SA launches Ubuntu Radio to discuss foreign policy


The newly launched Ubuntu Radio, a 24-hour internet radio station, will officially go live tonight at 7pm.

Run by the Department of International Relations and Cooperation (Dirco), the station, which will be in talk radio format, is aimed at enhancing communication on South Africa’s foreign policy and will tell African stories from the African perspective.

“South Africa has a good story to tell and we have done extremely well over the past 20 years. Our foreign policy has evolved but that story is not being told,” said Dirco’s Head of Public Diplomacy, Clayson Monyela.

Speaking to the media ahead of the official launch, Monyela said the station will be a major source of reliable, recent and trusted news and conversations on foreign policy, especially now that South Africa is increasingly looking to position itself as a significant player on the continent as well as globally.

“It’s going to be a platform to change the views and opinions as well as getting inputs that can help shape South Africa’s foreign policy going forward,” said Monyela.

With a target audience including both South Africans and the international community, Monyela said the station would raise public awareness and stimulate public discourse on the country’s foreign policy.

“The station will change how Africa is covered.”

It is the first of its kind on the African continent and the first in South Africa to operate under the auspices of a government institution for non-commercial purposes.

As a multimedia platform, Ubuntu is immediate, and will run live broadcasts of major department events, announcements and campaigns. It will also cover news and play African music.

There will also be lots of discussions, phone-in programmes, where listeners will be invited to provide their views on some of the issues being discussed.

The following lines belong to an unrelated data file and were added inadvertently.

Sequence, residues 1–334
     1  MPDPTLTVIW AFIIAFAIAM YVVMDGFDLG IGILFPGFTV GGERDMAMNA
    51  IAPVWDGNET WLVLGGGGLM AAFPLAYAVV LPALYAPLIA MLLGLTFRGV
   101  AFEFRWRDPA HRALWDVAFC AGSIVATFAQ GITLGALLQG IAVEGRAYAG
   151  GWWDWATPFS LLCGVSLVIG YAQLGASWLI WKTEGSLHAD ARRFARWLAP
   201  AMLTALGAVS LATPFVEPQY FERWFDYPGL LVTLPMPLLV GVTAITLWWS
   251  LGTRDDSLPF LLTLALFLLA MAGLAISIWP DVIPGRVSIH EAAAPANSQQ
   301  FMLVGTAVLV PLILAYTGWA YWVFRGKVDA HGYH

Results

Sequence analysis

“We are not going to talk at our audience, but we are going to have discussions and conversations because people need to know what informs decisions on certain matters,” said Monyela.

As such, they have roped in opinion makers, think-tanks, academics, diplomats and other key players in the field of diplomacy and international relations to host shows.

Among the contributors to the station will be Professor Eddie Moloka, analyst Siphamandla Zondi and reputation architect Thebe Ikalafeng.

Other familiar names include actress Florence Masebe, news anchor Kgopedi Wa-Namane, Richard Nwamba, Chief Ntshingila, Mabine Seabe and JP Louw.
“We decided to involve people. Some are critics of our work, some are experts,” said Monyela, adding that the department was still talking to other personalities to complement the international staff.

While Monyela acknowledged the limited Internet access in South Africa, he said the department was developing apps for mobile technology, ensuring that their platform is accessible to as many people who have the means.

The station will also extend its reach by exchanging content for broadcast with identified media partners, including SABC’s Channel Africa.

The uniqueness of the station will be in the state-of-the-art technology that has gone into the creation of its website.

It has an active web link to the department’s website – extending access to social networks such as Facebook and Twitter, as well as to the department’s Diplomat and Ubuntu Magazines.

Ubuntu Magazine has been out since August 2012 and will complement work done by the radio station.

Ubuntu Magazine, Dirco’s first external publication, is already available online at and will have a link on Ubuntu Radio’s website,

Dirco Minister Maite Nkoana-Mashabane officially launched the station in South Africa.


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